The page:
Impulsion

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Impulsion can only occur if the horse is coming properly up through the back and hindquarters, as seen here.

Impulsion refers to the movement of a horse when it is going forward with controlled power. Related to the concept of collection, impulsion helps a horse effectively utilize the power in its hindquarters. To achieve impulsion, a horse is not using speed, but muscular control; the horse exhibits a relaxed spinal column, which allows its hindquarters to come well under its body and "engage" so that they can be used in the most effective manner to move the horse forward at any speed. The concept and term was first written about by practitioners in the discipline of dressage, but an ability to move with impulsion is a desired goal in most other equestrian disciplines. It usually is used to describe a horse when under human control and is one of the desired goals in horse training, but may sometimes be exhibited by a horse in a free and natural state. Impulsion allows any horse gait to be more elastic and light, and also provides the animal with the power needed to perform complex movements, including the piaffe and the airs above the ground. Within the dressage world, there is an unresolved debate whether impulsion can only occur in gaits which have a period of suspension, the trot and canter, or if it occurs at any gait, including the walk and the ambling gaits.

Definitions[edit]

There are competing definitions of impulsion. The 2007 USDF rule book defines it as "...Thrust. Releasing of the energy stored by engagement. The energy is transmitted through a back that is free from negative tension and is manifested in the horse's elastic, whole-body movement.[1] The classical dressage trainer Nuno Oliveira described impulsion as, "...a mental and physical state of the horse to obey the rider's demands as fast as possible, to move forward, and to maintain his forward impulsion without support from the aids..." and ""Impulsion means to maintain the energy within the cadence."[2] Another definition is that "[a] horse is said to have impulsion when the energy created by the hind legs is being transmitted into the gait and into every aspect of the forward movement. A horse can be said to be working with impulsion when it pushes off energetically from the ground and swings its feet well forward."[3] The USEF states, "Impulsion is the term used to describe the transmission of an eager and energetic, yet controlled propulsive energy generated from the hindquarters into the athletic movement of the horse. Its ultimate expression can be shown only through the horse’s soft and swinging back to be guided by a gentle contact with the rider’s hand."[4]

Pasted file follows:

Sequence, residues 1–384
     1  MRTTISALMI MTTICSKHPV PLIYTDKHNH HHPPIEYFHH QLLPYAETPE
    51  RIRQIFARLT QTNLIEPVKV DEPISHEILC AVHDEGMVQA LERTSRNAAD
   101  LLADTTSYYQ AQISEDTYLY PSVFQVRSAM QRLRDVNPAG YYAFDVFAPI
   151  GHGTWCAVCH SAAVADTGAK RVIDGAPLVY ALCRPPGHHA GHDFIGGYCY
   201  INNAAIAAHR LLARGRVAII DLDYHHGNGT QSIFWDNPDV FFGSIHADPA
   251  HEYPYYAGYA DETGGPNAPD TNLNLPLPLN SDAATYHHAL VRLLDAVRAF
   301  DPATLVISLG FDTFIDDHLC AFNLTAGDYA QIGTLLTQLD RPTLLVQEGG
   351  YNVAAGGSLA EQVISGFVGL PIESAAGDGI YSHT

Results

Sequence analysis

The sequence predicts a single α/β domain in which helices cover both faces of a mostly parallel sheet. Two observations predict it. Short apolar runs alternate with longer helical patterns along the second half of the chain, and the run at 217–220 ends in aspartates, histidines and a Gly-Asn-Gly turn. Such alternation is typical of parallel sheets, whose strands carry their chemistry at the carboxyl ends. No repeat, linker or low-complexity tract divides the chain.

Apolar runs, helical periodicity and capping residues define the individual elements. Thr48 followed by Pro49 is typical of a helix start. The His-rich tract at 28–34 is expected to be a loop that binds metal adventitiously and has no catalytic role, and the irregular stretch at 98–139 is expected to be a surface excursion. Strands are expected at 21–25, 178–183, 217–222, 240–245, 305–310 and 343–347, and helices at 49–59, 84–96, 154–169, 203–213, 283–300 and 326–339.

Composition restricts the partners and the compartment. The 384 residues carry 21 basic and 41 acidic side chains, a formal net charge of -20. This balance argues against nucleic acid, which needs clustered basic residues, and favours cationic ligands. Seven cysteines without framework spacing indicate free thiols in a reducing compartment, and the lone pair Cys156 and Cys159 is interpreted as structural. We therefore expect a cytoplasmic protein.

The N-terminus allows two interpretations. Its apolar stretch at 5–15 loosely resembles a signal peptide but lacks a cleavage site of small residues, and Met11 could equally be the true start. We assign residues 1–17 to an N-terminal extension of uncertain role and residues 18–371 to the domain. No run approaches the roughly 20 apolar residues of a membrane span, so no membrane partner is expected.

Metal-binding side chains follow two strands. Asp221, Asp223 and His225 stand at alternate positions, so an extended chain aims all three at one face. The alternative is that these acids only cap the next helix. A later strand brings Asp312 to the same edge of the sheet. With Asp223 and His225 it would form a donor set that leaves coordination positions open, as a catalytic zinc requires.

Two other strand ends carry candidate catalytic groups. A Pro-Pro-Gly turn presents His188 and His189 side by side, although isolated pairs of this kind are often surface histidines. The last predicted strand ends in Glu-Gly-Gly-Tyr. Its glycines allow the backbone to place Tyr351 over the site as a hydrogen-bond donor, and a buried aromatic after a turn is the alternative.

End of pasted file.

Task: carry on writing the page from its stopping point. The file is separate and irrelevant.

In competitive dressage circles, impulsion is defined by the German Training Scale, which states that impulsion is only possible in gaits having a moment of suspension, such as the trot and canter, but not the walk.[3] This is the current position of the USDF. Others differ, however. Oliveira described impulsion as necessary at all paces: "If your horse goes from walk to trot without changing the head and neck position, the walk had good impulsion."[2] Outside the world of competitive dressage, impulsion is considered necessary at all gaits, encouraged in gaited horses,[5] and in horses used for western riding.[6] Impulsion at the walk is encouraged and judged in many lower level dressage and combined driving competitions that do not necessarily follow the current trends in international judging.[7]

Purpose and requirements[edit]

Impulsion is very important in all equestrian disciplines, because good impulsion allows the horse to effectively utilize the power in its hindquarters.

Impulsion is particularly important in dressage. It not only makes the horse's gait more elastic, light, and expressive, but provides the animal with the power needed to perform the required movements. This is especially true for those requiring collection, such as passage, piaffe, pirouette, tempi changes. In jumping poor impulsion is often linked to horses failing to clear obstacles

Good riding is needed to create impulsion in any horse, although some horses may be built in such a way that they can more naturally create impulsion (such as those with an "uphill" build). The horse must be forward, yet relaxed, and coming correctly "on the bit" by coming up through the back. Additionally, a horse must be straight, with "throughness." The rider should use correct driving aids, and contain the energy created by the engaged hind legs. Ideally, this is accomplished through persuasion of the horse, not bullying.[8]

Impulsion occurs in all gaits: the walk, the trot, and the canter and even the ambling gaits of gaited horses. Because the walk has no moment of suspension, it is a difficult gait to perform with impulsion. Impulsion at various gaits may not always appear the same. In the walk, it is seen when the hindquarters are engaged and the gait is "purposeful yet relaxed."[6] The USEF describes impulsion at the piaffe as follows: "The piaffe must always be animated by a lively impulsion and characterized by a perfect balance. While giving the impression of being in place there may be a visible inclination to advance, this being displayed by the horse’s eager acceptance to move forward as soon as he is asked."[4]

References[edit]